This was important time, however, necessary for you to truly understand how much the space has improved, DESPITE the fact that there is still a hulk of a bar-in-the-round (oval actually) parked in the middle of a nice Cuban restaurant.

Brasabana is a charming restaurant with very good food. The first thing I noticed was how they managed to bring much needed light to a dark space. The restaurant looks so much larger and airier; this is a much more cheerful place to dine. It is the kind of space you can sit and enjoy talking to friends and family and look around and see other diners doing the same.

They’ve placed art work on the walls. Cheerful, colorful painting that you can purchase, if you so desire. I did not walk around to look at all the paintings, but the one by our table was nice and at $150, I thought quite reasonably priced.

The menus are super-cute. I’m not joking here. I believe Brasabana has the prettiest menu design in town! It seems like a minor point, perhaps, but it is important. This is not some Microsoft Word typed menu with clip art photos. The menu reminds me of mid-century graphic art. It was a pleasure reading the menu.

I ordered the Argentinian beef churrasco steak, which had a beautiful char and was served with queso fresco salsa, chimichurri and sweet plantain. The spouse had the pork carnitas.

A lot of attention was paid to details on the plate. The rice was served in a cute little mound topped with a little flourish of peppers and onion. The queso fresco salsa was as pretty as it was tasty. As for the steak – it was cooked exactly as I requested and the spices were wonderfully garlicky.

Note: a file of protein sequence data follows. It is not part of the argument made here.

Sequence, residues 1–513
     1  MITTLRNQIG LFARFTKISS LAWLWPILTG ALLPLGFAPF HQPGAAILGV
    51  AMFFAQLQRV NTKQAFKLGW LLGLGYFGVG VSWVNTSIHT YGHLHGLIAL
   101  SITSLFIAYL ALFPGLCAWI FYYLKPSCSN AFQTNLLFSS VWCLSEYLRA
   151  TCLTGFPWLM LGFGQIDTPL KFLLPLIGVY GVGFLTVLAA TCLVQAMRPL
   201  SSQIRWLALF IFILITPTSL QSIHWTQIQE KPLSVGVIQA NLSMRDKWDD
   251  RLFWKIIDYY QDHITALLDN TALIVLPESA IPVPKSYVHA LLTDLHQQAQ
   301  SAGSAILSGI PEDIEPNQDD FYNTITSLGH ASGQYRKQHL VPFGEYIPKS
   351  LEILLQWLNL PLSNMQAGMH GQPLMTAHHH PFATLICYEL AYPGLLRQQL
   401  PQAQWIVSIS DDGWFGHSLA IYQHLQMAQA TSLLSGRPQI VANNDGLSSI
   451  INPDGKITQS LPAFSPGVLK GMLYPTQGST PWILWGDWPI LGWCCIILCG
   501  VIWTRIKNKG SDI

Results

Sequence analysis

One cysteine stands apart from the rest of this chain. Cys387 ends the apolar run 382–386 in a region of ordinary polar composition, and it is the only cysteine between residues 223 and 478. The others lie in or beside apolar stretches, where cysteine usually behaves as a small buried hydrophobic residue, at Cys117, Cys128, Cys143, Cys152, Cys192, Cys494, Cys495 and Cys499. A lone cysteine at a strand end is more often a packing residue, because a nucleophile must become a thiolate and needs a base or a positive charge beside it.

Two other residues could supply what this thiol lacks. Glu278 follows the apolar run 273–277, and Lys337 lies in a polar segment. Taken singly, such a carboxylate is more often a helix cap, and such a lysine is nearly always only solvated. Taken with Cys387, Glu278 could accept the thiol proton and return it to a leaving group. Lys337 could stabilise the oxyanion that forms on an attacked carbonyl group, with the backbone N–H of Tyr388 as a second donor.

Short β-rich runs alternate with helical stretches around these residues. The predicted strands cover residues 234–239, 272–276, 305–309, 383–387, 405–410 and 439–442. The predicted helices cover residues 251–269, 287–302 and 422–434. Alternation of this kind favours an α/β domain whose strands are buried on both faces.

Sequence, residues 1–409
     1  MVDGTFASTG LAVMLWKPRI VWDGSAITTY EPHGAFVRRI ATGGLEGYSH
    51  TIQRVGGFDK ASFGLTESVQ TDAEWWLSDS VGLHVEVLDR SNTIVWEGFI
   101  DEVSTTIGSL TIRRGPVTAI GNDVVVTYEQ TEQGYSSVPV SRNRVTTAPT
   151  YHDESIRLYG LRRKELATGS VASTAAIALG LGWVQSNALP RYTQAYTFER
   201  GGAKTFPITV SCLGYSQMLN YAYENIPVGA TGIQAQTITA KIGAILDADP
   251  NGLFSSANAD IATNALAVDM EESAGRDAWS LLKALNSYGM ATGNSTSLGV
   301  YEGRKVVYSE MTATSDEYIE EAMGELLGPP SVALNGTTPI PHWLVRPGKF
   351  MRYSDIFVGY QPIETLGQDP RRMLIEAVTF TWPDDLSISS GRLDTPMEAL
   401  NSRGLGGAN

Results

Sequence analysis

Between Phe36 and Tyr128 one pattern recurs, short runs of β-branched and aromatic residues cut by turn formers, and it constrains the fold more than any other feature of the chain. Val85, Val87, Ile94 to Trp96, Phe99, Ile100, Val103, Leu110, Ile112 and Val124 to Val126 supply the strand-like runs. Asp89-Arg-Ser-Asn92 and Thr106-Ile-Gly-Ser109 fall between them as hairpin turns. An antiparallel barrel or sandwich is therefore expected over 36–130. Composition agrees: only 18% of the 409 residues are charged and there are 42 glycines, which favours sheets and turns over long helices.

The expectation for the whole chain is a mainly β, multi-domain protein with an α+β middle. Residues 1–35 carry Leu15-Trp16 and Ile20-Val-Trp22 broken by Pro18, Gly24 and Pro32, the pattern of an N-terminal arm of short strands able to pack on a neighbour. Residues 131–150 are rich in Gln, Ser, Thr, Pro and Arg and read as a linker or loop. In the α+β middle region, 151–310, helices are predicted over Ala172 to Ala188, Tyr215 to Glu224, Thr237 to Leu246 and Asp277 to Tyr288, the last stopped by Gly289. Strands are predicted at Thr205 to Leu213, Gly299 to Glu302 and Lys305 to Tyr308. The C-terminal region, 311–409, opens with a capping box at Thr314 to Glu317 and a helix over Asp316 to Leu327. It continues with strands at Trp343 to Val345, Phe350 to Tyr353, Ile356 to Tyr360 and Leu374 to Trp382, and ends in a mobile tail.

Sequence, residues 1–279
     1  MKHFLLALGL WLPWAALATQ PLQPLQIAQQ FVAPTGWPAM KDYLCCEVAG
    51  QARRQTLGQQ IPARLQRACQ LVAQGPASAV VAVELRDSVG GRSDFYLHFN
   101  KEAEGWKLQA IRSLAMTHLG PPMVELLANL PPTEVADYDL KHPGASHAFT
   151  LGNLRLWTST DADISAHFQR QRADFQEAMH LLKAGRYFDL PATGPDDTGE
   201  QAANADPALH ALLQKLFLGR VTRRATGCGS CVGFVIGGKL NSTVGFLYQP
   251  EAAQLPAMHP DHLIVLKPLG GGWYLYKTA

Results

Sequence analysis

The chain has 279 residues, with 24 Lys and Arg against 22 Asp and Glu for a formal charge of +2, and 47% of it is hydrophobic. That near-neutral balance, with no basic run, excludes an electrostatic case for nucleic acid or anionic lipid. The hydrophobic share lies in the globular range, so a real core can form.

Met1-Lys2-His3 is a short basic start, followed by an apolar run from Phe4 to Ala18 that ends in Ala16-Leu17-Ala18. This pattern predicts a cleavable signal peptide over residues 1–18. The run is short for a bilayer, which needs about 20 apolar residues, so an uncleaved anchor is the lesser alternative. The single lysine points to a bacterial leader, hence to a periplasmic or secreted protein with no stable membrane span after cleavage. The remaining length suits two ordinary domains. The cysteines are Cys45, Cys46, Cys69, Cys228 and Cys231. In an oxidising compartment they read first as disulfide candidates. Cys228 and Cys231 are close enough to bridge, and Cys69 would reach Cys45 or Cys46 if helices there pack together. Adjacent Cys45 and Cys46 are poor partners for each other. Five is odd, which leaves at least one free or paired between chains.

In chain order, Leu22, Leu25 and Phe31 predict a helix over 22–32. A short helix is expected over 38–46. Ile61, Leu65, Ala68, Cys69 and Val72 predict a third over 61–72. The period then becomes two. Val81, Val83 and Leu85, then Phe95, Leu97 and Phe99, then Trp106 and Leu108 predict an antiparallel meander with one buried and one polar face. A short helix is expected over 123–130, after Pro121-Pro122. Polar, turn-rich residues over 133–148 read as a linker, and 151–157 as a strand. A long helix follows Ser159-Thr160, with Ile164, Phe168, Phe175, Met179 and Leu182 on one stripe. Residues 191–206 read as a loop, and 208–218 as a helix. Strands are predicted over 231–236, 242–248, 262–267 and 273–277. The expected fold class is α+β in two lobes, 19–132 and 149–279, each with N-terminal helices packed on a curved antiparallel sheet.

The spouse says the carnitas were delicious. The outside of the meat was crisp, but under the crisp was tender, flavorful pork. This was served with black beans, white rice and plantains.

Rolls were served with the meal and the butter was unexpectedly flavorful – roasted garlic and guava paste, which brought sweet and floral notes to the butter. I have to admit, I cheated on this point. Spouse and I could identify the garlic, but we were at a loss as to the sweet and floral note, so we asked. We were told is guava paste, and to that I have to say “Yum”!

I would also like to note that the iced tea was out of this world and also had a floral note. I’m not certain if that was also a guava component, or if this note was integral to the tea.

Fork and Spoon loved our first Brasabana experience and we plan to visit again soon. We hope that many people will visit this restaurant and enjoy their meals as well as we did.

We hope they will go back and will encourage their friends to eat there. We hope that our neighborhood will finally have a restaurant on Lane Allen that does not require you drive through, take out, or get drunk to enjoy.

We also hope that as the restaurant flourishes, the owners will devote funds toward the removal of the bar. Perhaps they could place an attractive bar at the back, and allow the restaurant to drift toward the front, where it and the delicious food belong.